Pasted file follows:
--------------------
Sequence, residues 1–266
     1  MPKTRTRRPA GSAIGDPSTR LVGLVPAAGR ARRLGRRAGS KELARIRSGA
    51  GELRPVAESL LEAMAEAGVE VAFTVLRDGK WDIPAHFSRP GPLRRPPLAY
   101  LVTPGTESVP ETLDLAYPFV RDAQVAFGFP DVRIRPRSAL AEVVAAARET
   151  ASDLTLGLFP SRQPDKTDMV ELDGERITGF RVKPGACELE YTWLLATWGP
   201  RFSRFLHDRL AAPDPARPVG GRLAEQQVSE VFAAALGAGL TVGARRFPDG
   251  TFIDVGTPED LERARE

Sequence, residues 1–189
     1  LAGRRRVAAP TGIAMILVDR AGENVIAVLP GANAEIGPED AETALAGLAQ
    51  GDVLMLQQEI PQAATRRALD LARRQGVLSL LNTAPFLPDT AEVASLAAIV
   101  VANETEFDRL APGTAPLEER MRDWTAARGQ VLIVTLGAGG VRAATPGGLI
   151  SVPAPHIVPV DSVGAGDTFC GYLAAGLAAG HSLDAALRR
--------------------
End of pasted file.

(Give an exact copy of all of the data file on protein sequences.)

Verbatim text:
Sequence, residues 1–266
     1  MPKTRTRRPA GSAIGDPSTR LVGLVPAAGR ARRLGRRAGS KELARIRSGA
    51  GELRPVAESL LEAMAEAGVE VAFTVLRDGK WDIPAHFSRP GPLRRPPLAY
   101  LVTPGTESVP ETLDLAYPFV RDAQVAFGFP DVRIRPRSAL AEVVAAARET
   151  ASDLTLGLFP SRQPDKTDMV ELDGERITGF RVKPGACELE YTWLLATWGP
   201  RFSRFLHDRL AAPDPARPVG GRLAEQQVSE VFAAALGAGL TVGARRFPDG
   251  TFIDVGTPED LERARE

Sequence, residues 1–189
     1  LAGRRRVAAP TGIAMILVDR AGENVIAVLP GANAEIGPED AETALAGLAQ
    51  GDVLMLQQEI PQAATRRALD LARRQGVLSL LNTAPFLPDT AEVASLAAIV
   101  VANETEFDRL APGTAPLEER MRDWTAARGQ VLIVTLGAGG VRAATPGGLI
   151  SVPAPHIVPV DSVGAGDTFC GYLAAGLAAG HSLDAALRR